Midnight Traveler

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   Midnight Traveler
 

Filmmaker Hassan Fazili was very disturbed when close friend Hussein Hashemi joined the Taliban, but Hashemi granted him one last favor by warning him that a death sentence had been put on his head for his role in a documentary featuring a Taliban commander (both the commander and Hashemi were killed).  Leaving Afghanistan in 2015 with his wife and fellow filmmaker Fatima Hossaini and their young daughters Nargis and Zahra, Hassan documents their multi-year journey through times of both boredom and peril using three cell phones in “Midnight Traveler.”

Laura:
This intimate documentary works on many levels.  Beginning in 2015 and ending in 2018, it is in one respect a family album, Nargis and Zahra growing up in front of our eyes, the family taking time out from their struggle to reach Europe to see sites, celebrate holidays and buy a pair of shoes for a growing girl.  It also charts the progression of a budding filmmaker, Fazili’s shaky cell phone footage of his family’s flight interspersed with more artistic imagery, often assembled in montage.  First and foremost, it illustrates the plight of the refugee during a global nationalism movement when even legal shelter can prove unsafe. 

The film begins a bit chaotically, Satre’s ‘Hell is other people’ quote unconvincingly countered while the first of many Day counters provides a destination with no reason given for the sudden flight.  Things settle down and Hassan provides a sequence of events, punctuated with him saying ‘Cut,’ that led to their present situation.  (Hassan is the film’s credited director/cinematographer while Emelie Coleman Mahdavian is its writer/editor.)

They make their way to Tajikistan where they will wait 14 months for official asylum to be granted only to learn they will be deported back to Afghanistan.  Hassan decides to try the illegal route, using a smuggler.  That works for a while, getting them through Istanbul to Bulgaria where the family find themselves stranded, forced to steal food, their money stolen and their daughters’ kidnapping threatened if more is not handed over.  They are arrested and sent to a refugee camp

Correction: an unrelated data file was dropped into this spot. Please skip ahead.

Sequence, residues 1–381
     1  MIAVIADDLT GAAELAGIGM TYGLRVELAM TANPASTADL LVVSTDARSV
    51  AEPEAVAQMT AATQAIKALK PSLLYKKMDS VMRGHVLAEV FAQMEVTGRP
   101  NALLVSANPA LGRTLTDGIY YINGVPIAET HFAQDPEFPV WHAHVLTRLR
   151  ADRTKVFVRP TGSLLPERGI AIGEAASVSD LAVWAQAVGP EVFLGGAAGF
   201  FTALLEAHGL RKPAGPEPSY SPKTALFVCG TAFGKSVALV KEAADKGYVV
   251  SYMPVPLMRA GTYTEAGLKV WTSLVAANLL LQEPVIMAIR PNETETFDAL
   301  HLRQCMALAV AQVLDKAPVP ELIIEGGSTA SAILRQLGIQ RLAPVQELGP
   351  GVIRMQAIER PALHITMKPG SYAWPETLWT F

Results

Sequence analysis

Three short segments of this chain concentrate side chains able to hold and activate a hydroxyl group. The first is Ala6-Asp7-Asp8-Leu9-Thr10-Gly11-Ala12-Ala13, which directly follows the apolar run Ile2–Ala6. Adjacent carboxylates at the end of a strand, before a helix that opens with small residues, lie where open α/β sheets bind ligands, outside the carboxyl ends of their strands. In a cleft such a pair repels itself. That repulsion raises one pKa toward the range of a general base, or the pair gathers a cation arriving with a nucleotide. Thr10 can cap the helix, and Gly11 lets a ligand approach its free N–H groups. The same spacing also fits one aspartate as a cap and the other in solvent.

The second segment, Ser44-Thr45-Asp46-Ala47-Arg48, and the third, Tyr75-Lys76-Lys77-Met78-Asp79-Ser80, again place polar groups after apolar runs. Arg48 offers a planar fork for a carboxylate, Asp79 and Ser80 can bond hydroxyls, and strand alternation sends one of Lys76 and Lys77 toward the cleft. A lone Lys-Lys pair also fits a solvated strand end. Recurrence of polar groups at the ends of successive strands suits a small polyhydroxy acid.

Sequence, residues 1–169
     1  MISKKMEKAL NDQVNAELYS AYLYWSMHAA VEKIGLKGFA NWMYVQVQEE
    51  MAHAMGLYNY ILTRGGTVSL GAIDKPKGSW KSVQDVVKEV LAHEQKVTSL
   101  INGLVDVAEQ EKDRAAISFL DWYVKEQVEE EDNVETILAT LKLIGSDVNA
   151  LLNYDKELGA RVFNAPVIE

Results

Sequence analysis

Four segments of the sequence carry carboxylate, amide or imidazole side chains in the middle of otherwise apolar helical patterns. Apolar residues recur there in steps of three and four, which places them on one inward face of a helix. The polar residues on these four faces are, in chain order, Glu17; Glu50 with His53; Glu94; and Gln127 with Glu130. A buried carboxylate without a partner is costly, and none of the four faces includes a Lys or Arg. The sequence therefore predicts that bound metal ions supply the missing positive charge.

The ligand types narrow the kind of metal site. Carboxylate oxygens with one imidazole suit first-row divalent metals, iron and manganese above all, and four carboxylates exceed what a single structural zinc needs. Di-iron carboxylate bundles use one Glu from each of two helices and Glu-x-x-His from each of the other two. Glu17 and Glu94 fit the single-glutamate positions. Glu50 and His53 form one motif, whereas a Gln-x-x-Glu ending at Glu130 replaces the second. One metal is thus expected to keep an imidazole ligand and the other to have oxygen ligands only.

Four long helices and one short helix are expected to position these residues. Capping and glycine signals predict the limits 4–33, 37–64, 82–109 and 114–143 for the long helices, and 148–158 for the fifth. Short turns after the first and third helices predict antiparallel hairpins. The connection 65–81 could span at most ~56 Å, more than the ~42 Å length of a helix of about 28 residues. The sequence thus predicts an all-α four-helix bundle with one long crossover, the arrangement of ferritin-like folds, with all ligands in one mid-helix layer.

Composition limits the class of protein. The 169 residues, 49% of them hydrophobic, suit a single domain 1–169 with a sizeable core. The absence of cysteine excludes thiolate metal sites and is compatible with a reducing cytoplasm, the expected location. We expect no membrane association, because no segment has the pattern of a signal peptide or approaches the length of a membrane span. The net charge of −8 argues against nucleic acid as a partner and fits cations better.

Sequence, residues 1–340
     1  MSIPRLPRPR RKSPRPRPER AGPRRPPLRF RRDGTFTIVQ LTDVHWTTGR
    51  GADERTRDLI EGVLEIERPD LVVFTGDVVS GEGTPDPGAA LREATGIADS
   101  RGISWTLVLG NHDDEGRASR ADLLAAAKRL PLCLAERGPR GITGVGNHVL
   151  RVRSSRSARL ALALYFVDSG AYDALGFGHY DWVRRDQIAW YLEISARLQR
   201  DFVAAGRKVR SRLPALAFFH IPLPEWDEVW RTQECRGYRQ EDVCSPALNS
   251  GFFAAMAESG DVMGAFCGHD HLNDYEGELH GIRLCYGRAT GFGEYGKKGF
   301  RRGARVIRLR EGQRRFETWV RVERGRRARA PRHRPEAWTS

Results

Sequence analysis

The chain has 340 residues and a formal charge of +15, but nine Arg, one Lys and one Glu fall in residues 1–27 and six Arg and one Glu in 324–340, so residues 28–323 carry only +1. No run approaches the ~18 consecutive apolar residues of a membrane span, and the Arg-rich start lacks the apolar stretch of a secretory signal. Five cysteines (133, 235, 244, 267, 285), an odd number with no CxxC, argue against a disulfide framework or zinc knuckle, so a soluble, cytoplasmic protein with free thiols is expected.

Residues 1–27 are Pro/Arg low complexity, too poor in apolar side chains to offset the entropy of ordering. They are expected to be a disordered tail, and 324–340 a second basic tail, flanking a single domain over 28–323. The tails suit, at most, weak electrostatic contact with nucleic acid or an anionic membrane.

where Fatima contends with insects biting her children.  Things get worse when locals begin to attack, protesting their presence.  The police join in.  The family hits the road again, sleeping in forests and enduring hardships until they arrive in Serbia where they will spend more than a year waiting for legal transit to Hungary.  Here we will find the family at their happiest, but when they finally get what they wished for, they arrive in a very unwelcoming space.

It is astonishing to watch these four deal with their circumstances, Fatima seemingly one of the most good-natured women on earth, at least in the footage her husband has chosen to share (it also includes her telling him off for complimenting another woman, but she does so with a smile).  Nargis is quite the character, but she suffers frequent boredom, her intelligence and curiosity not given enough outlets.  Hassan suffers a crisis of conscience when Zahra is nowhere to be found for over an hour, the filmmaker in him imagining – and storyboarding - a horrific scene.

“Midnight Traveler” should inspire empathy in anyone who sees it.  Climate change will provide yet another reason that the current refugee crisis is likely here with us to stay.

Grade:  B

Robin:
When the Taliban put a price on the head of Afghan filmmaker Hassan Fazili, he and his tiny family were forced to flee and seek asylum in another country. The trouble is the countries they seek to enter ban them from their borders, forcing Fazili, cell phone camera in hand, to record every aspect of the arduous journey of the “Midnight Traveler.”

We have seen, for years, documented stories of people facing great odds to escape repression and, even, death to find safe sanctuary. With “Midnight Traveler,” director (cameraman, video editor, co-star and producer) Hassan Fizili makes it very personal, being both documentarian filmmaker and, with wife, Fatima, and daughters, Nargis and Zahra, his subjects in the 3500 mile, three year long journey. That trek begins, on Day 1, in Tajikistan, where they are refused sanctuary and must return to Afghanistan – not a good thing for a man with a Taliban target on his back.

But, this is just the start of the many hundreds of days journey to find sanctuary and safety. Fizili, using three cell phone cameras for his three year “project,” chronicles all of the dangers, and sometimes kindness, they face during a journey made on foot, by car, in trucks and on boats. They live in tents, camping, in refugee centers and detainment facilities (like prisons) and are harassed by police and gangs who throw rocks at the migrants. They pass through, on their way to an uncertain asylum, such countries as Iran, Turkey, Greece, Serbia, Hungary and Bulgaria.

While the obstacles that face the Fizili family are daunting and, sometimes, heartbreaking and dangerous, the thing I got most out of this well-made and personal document is the stability and perseverance of the tiny family. Things may look darkest for them, but, through it all, they have each other and, for the Fizilis, that is what counts. One of the things that startled me at the end of “Midnight Traveler” is the realization that I watched little Nagris and Zahra grow and change in a mere 90 minutes. I give it a B+.
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